An American private sector delegation opened meetings in Afghanistan with officials and local counterparts Wednesday in the first interaction since the Taliban seized power from a U.S.-backed government two years ago.
Jeffrey Grieco, president of the Afghan American Chamber of Commerce, or AACC, in the United States, is leading the delegation.
Addressing a televised meeting in Kabul of business representatives that Greico co-hosted with Taliban Deputy Prime Minister for Economic Affairs Abdul Ghani Baradar, he said the U.S. government backs the visit.
A spokesperson from the U.S. State Department acknowledged that a delegation from the American Chamber of Commerce in Afghanistan and "individuals with business interests" had traveled to Kabul.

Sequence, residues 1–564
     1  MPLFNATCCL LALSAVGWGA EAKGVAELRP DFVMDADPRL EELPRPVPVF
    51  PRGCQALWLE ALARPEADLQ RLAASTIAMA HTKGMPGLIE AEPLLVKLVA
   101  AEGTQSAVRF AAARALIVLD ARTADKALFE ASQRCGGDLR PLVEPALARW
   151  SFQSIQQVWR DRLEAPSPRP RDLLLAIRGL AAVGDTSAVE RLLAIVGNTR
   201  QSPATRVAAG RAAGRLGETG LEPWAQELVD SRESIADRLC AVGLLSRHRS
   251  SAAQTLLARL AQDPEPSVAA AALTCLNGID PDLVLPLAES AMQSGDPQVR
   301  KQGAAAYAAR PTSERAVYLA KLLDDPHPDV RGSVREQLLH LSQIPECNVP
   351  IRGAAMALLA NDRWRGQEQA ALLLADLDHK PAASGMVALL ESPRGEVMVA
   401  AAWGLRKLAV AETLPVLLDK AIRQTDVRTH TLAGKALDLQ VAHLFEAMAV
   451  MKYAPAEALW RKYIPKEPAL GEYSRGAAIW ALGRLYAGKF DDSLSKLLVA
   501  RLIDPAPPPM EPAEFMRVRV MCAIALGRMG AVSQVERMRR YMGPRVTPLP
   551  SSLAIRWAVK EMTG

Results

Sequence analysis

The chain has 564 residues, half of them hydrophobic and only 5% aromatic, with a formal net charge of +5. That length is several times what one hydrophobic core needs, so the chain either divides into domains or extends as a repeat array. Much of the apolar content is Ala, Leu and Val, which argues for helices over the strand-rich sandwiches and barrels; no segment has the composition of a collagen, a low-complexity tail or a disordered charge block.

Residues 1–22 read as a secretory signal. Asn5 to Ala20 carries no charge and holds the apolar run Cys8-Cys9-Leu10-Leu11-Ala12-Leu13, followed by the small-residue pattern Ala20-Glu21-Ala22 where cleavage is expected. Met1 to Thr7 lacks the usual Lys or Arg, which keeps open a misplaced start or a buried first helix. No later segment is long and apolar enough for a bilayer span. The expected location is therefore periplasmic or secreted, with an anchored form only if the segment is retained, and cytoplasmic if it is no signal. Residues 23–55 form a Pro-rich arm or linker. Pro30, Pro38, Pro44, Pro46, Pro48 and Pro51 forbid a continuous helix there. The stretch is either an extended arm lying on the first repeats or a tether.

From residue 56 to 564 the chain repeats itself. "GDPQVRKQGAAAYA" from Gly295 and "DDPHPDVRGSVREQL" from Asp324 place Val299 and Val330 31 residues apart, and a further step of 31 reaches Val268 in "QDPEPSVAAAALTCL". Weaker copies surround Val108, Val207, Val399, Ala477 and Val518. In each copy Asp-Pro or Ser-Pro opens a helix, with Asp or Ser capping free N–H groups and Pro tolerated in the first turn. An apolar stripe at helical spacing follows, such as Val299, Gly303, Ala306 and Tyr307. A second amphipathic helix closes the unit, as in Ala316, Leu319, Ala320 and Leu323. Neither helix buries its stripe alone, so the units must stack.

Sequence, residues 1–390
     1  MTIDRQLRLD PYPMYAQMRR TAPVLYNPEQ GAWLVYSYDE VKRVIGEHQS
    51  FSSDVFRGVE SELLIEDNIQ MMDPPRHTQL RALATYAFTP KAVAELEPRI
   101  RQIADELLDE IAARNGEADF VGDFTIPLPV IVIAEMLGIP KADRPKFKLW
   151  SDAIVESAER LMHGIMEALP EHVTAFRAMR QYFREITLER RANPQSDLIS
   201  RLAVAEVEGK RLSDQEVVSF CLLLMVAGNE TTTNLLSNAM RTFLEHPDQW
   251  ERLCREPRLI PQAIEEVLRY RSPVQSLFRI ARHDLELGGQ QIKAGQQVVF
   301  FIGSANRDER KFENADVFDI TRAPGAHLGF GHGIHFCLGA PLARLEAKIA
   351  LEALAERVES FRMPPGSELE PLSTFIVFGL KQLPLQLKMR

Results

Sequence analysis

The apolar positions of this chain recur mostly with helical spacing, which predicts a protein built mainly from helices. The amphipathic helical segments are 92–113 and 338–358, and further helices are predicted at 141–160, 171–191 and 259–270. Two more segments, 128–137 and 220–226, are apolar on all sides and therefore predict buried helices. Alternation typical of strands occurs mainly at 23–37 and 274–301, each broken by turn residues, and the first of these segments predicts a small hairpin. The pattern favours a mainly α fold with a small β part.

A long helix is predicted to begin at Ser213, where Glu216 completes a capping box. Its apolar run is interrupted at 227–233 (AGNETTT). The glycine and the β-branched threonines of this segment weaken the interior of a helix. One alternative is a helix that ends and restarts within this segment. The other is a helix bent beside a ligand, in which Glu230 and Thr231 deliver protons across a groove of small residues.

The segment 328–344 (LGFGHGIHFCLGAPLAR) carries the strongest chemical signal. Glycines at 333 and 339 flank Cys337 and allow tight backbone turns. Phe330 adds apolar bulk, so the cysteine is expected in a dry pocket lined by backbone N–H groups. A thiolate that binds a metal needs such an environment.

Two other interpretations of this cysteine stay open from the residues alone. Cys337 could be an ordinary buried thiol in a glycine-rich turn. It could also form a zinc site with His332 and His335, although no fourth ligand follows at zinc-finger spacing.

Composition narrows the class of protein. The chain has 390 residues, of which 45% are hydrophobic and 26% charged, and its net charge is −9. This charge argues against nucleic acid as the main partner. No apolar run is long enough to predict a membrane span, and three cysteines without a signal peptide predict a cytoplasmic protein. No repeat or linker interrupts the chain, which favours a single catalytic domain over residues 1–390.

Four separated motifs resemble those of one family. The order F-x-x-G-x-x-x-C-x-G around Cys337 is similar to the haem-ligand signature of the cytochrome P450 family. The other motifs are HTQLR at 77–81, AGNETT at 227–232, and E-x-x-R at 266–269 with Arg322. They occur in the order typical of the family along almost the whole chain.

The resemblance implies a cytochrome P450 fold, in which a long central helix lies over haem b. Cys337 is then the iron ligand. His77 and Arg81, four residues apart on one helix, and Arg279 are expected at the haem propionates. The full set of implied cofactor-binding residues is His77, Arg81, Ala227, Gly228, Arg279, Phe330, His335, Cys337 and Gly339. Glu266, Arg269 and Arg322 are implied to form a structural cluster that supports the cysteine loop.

"The United States stands with the people of Afghanistan as they work to rebuild their economy," the spokesperson told VOA in an emailed statement.
American businessman Grieco credited de facto Afghan authorities for establishing peace in the country, saying they have also "greatly eliminated" corruption. "It's not all gone, but it's mostly gone."
He said his team is seeking to elevate private sector activities and explore ways to ease hardships facing Afghans over the past two years.
"The next year is going to be equally hard as the donors are reducing funding for Afghanistan, both humanitarian food security and other funding, at a key moment when Afghanistan needs funding for humanitarian purposes," he said.
On Tuesday, the U.N. World Food Program announced that a "massive funding shortfall" had forced it to cut rations for 10 million people in the country this year, warning that time is running out to avert catastrophe in Afghanistan.